Did you know that there are stages to your breast milk? In fact, there are 3 different stages of breast milks, mums need to understand.
Colostrum is the first stage of breast milk, also known as "liquid gold." It can occur during pregnancy and last from birth to four days after the baby is born. It is rich in carotenoids, which give it its distinctive golden yellow color (although sometimes it can be clear).
The thick, sticky consistency coats your baby's intestinal system, helping to protect the sensitive and permeable stomach lining. Colostrum also acts as a laxative, assisting newborns in passing meconium, or their first poop, from their system. It also contains a high concentration of protein, fat-soluble vitamins, minerals, and immunoglobulins. Immunoglobulins are antibodies passed from mother to baby that provide passive immunity against a wide range of bacterial and viral illnesses. Colostrum volume decreases two to four days after birth and is replaced by transitional milk.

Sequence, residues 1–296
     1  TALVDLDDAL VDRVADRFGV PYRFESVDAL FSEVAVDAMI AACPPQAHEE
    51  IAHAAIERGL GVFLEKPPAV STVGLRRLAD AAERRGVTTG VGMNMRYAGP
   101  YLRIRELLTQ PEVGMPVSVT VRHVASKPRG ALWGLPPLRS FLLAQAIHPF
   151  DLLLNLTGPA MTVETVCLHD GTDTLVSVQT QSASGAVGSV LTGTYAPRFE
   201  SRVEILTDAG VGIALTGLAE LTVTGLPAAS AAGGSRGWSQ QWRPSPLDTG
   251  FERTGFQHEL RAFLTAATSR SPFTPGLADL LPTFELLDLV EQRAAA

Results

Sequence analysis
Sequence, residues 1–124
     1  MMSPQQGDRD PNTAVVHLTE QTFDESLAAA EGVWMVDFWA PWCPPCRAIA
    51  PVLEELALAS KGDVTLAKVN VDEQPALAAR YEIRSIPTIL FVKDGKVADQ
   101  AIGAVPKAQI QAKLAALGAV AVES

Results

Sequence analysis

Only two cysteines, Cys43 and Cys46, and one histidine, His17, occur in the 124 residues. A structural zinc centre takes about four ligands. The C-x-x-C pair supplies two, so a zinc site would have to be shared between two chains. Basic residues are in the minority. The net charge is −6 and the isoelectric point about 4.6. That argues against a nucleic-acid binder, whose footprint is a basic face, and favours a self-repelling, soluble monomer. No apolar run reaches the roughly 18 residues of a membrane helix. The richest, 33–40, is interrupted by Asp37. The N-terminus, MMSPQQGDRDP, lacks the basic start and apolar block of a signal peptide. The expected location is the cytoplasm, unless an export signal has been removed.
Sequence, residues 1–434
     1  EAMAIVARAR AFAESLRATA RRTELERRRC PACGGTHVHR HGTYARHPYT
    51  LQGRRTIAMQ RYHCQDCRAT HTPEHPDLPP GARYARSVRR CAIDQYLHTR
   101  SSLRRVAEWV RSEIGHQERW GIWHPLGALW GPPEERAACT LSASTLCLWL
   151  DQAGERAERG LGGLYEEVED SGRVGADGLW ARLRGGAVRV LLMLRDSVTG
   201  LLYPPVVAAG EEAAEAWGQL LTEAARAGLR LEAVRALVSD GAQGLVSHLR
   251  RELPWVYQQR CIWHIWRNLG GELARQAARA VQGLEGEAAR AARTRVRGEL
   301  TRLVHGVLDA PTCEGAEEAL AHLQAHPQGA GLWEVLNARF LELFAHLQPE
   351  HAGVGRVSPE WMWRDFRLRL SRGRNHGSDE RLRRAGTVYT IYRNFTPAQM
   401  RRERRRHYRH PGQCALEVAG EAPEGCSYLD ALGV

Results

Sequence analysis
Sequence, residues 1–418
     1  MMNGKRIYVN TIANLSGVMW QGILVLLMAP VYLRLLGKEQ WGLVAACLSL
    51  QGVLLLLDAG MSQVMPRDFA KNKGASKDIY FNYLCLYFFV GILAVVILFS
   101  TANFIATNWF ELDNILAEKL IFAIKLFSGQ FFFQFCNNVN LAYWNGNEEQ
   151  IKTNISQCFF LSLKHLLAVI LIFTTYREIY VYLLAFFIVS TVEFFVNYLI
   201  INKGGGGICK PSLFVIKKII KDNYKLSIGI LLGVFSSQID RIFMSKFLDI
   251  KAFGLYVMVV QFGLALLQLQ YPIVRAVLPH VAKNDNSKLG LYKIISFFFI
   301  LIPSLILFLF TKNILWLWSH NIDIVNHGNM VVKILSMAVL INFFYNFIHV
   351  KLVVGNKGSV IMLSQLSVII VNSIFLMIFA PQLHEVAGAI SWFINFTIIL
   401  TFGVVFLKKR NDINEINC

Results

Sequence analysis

2. Transitional milk
This stage usually occurs after colostrum and lasts about two weeks. Transitional milk has a whitish color and is more abundant than colostrum. It helps to support the rapidly growing infant's nutritional and developmental needs. Transitional milk contains a high concentration of fat, lactose, and water-soluble vitamins. It has more calories and is more energy dense than colostrum. Your breast will also become firmer, larger, and more uncomfortable.
3. Mature milk
This is the final milk produced and this occurs fourteen days and beyond. 90% of it is water, which is required to keep your infant hydrated. The remaining 10% is carbohydrates, proteins, and fats, which are required for both growth and energy.
There are two types of mature milk:
Foremilk: occurs beginning of the feeding and contains water, vitamins, and protein.
Hind-milk: occurs after the initial release of milk. It contains higher levels of fat and is necessary for weight gain.